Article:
sweetGood Bacteria vs. Bad Bacteria

Antibiotic literally means “Against-Life”. When you take antibiotics you are actually destroying bacteria or other viruses inside your body. Probiotic means the opposite – “For-Life.” When you take Probiotics you are actually adding life to your body. Probiotics actually reintroduce the good bacteria into your oral environment!

There are four categories of foods that will result in an increase in sulfur production. All of the categories below have a stimulating effect on the bacteria:

  1. Drying Agents: The most common drying agent in food is alcohol. It is the basis of all “adult” beverages such as beer, wine, and hard liquor. It is also used, unfortunately, in mouthwash, where it only makes the problem worse. Alcohol is often used in laboratories to “dry out” hard-to-reach areas in test tubes and beakers. The same result takes place in the oral cavity.
  2. Dense Protein Foods: Dairy foods are notorious for creating bad breath. Other protein-dense foods are beef, chicken, and fish.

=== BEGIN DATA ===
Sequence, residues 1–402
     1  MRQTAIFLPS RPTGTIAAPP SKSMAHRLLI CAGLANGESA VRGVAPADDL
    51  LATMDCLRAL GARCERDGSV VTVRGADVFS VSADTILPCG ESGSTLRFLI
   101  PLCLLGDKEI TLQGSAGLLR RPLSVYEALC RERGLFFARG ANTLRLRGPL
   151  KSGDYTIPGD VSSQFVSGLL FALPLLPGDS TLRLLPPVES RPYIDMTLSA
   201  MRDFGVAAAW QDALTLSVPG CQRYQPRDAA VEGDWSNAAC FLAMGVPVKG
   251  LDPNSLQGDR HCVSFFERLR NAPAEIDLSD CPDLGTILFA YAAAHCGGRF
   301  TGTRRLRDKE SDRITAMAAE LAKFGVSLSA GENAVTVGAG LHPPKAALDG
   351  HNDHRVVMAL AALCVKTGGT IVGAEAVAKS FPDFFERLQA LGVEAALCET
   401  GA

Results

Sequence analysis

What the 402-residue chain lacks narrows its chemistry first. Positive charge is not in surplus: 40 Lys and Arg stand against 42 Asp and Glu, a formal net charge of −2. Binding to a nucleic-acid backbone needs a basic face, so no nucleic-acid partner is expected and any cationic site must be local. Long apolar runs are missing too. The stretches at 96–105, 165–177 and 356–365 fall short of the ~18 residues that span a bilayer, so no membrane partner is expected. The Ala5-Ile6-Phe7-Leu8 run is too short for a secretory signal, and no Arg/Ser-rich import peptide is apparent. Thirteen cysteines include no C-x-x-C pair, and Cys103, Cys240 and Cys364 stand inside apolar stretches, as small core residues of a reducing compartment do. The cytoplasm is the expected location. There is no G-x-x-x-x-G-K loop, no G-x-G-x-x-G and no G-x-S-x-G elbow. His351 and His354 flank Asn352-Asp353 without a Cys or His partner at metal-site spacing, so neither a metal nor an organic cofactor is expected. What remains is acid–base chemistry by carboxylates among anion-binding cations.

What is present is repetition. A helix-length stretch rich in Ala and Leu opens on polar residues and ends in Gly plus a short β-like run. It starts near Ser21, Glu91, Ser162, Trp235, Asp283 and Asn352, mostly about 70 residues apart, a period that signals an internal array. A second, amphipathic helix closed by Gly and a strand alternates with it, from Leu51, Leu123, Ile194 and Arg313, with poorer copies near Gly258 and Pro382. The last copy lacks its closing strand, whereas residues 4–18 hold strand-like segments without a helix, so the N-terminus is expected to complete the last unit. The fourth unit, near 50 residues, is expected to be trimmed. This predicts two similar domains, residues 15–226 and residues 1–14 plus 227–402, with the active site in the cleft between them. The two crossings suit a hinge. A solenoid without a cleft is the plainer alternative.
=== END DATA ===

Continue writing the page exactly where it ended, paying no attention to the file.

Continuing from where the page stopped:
3. Sugars: Candy (sugar) cannot cure bad breath. If you are concerned about your breath, stay away from candies, mints, and chewing gum if they contain sugar. (NOTE: Glycerin is a sweet substance that is often added to toothpaste. It can be a nutrient for bacteria. It is also sticky and clings to the mouth. Additional rinsing is necessary to remove after using.)
  4. Acidic Foods: Some acidic foods you should watch out for are:
    1. Coffee – both decaf and regular have acids (Tea is okay)
    2. Tomato Juice
    3. All Citrus Juices – Orange Juice, Pineapple Juice, Grapefruit Juice The reason why acidic foods are a concern has to do with the way the bacteria react to an acidic environment. pH is a term used to describe the acidity of the environment. The oral cavity has a normal pH of 6.5 (7 is neutral) which is in the acid range.

As stated earlier, “The only proven way to eliminate bad breath is to change your existing oral environment so that it is ‘less friendly’ to creating and sustaining the Volatile Sulfur Compound producing bacteria which cause bad breath and unpleasant mouth taste.”

What to do?
  1. Watch the foods consumed.
  2. Brush often.
  3. Do not use sugar or sweetened products.
  4. Be very careful about sugar and sweeteners in toothpaste.
  5. Rinse with hydrogen peroxide (mixed half with water).
  6. Use a quality probiotic.
  7. Nasal rinses are good because they can help remove mucous from the sinuses.